Well, most slasher films rely on startling the audience or grossing them out, whereas films like Psycho
rely on suspense and psychological fear.
Spaceman Spiff wrote:
I think they just grow up with some ideas always existing and that shapes their worldview. Eventually, the idea of comics being in newspapers at all is going to seem strange to people.
Another horror example, I suppose, would be the slasher film. There are differing views on which one was first, but it's arguable that it was Psycho that really got that subgenre going into what we think of as a slasher film today.
That's why some modern viewers watch something like Psycho or the original Halloween and have a hard time imagining these movies ever scaring anyone. But in the context of their times, they were deeply upsetting.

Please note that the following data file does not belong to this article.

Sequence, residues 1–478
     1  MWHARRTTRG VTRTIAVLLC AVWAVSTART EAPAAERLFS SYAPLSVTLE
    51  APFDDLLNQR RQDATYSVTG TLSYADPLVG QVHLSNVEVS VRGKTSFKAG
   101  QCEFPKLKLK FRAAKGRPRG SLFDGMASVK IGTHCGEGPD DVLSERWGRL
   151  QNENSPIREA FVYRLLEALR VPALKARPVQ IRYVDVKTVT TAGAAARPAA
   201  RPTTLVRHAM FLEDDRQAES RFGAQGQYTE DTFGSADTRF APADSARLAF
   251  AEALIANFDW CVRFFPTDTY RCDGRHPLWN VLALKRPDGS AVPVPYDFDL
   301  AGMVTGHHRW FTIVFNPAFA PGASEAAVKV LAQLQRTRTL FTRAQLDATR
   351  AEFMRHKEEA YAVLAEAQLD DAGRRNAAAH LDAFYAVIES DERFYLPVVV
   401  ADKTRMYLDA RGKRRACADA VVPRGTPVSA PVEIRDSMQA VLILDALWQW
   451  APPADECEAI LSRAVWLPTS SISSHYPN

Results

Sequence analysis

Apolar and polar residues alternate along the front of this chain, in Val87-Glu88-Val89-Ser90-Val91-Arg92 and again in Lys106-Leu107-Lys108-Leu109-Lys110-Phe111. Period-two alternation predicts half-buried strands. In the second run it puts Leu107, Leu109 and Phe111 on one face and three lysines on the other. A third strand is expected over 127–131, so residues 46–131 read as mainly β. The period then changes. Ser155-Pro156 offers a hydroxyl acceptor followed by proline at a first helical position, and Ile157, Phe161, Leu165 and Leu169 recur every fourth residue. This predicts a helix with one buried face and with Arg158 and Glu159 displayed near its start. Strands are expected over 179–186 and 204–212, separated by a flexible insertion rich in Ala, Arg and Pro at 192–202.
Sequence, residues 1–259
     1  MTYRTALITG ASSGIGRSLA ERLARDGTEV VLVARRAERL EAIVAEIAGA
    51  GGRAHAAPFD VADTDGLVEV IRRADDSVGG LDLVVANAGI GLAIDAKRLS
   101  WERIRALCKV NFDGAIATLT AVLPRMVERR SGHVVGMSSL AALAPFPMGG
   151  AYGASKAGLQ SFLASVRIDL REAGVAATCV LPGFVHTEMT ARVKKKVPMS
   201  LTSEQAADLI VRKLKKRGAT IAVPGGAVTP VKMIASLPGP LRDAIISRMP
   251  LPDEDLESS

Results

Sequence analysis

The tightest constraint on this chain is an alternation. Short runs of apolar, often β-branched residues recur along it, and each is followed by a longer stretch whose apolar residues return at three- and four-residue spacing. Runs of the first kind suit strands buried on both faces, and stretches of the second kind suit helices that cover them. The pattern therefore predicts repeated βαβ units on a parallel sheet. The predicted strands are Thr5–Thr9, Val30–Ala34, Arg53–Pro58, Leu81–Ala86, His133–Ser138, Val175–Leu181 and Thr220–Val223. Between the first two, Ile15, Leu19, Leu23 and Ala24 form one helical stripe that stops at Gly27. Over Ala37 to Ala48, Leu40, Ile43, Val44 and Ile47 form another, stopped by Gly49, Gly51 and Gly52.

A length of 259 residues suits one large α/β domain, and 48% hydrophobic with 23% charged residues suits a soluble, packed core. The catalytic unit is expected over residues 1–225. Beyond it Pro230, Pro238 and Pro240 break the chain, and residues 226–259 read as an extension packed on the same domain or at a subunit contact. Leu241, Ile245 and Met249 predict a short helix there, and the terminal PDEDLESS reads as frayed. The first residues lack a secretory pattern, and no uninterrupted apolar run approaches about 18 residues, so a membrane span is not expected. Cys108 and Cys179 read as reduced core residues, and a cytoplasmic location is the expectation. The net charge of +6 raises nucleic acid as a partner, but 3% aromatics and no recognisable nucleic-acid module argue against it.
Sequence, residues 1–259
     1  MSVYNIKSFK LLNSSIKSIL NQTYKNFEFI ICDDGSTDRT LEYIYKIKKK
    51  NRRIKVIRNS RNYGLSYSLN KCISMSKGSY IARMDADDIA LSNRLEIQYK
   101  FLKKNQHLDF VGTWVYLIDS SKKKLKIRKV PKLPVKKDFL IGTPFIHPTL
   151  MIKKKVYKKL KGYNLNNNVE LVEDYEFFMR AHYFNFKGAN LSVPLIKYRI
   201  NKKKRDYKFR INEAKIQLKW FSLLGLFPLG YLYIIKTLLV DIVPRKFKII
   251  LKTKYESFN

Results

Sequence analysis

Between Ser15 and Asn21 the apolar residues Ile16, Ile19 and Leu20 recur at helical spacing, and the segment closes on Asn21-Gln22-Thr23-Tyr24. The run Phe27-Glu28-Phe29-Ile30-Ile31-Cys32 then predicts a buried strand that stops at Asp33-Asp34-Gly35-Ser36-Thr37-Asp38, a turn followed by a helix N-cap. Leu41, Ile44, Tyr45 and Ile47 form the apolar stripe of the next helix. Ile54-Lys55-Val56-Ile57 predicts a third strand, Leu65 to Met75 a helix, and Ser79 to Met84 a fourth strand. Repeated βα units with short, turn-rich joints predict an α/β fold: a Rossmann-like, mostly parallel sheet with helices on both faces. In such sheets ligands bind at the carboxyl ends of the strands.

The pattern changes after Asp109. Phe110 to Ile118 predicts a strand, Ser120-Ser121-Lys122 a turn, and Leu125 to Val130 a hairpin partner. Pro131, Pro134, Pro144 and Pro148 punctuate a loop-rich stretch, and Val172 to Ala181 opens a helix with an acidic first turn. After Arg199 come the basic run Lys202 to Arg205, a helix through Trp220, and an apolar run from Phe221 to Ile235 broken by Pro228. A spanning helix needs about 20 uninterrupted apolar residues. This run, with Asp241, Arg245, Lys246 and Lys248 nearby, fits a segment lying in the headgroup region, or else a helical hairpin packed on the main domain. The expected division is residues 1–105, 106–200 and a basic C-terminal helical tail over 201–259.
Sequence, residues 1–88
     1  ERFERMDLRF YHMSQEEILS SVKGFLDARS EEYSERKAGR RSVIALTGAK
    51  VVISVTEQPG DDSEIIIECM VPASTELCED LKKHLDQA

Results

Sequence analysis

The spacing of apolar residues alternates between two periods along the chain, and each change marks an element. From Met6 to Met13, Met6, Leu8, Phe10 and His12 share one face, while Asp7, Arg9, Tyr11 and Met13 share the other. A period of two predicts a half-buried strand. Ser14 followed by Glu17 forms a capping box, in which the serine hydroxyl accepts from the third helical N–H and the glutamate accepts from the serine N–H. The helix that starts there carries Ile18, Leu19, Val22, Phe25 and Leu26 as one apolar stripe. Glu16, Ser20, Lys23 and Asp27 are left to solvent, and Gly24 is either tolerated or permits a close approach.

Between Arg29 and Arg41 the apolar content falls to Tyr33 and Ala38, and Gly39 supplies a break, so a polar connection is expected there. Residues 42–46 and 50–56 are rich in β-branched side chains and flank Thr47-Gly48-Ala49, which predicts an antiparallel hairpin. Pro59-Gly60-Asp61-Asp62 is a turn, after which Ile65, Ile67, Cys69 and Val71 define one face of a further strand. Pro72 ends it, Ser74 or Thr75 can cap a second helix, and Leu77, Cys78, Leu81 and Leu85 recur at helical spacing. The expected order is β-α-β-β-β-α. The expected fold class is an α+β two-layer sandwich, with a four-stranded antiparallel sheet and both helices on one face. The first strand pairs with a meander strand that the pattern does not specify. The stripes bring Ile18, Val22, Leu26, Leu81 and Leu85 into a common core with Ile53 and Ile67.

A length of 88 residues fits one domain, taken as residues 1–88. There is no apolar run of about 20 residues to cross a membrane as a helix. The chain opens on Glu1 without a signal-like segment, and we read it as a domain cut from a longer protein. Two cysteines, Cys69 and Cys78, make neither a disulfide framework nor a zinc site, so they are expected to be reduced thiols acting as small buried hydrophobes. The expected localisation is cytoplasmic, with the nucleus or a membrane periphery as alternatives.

That's true. It's always possible to find new antecedents to contemporary trends and tropes as you read older fiction or watch old films. But I think a lot of young 'uns just automatically dismiss older works as being worthless or irrelevant-- like the people you mentioned who won't watch b&W movies. I knew a few people like that when I was a kid, and it seems worse now; of course, it may seem worse just because we have the Internet now.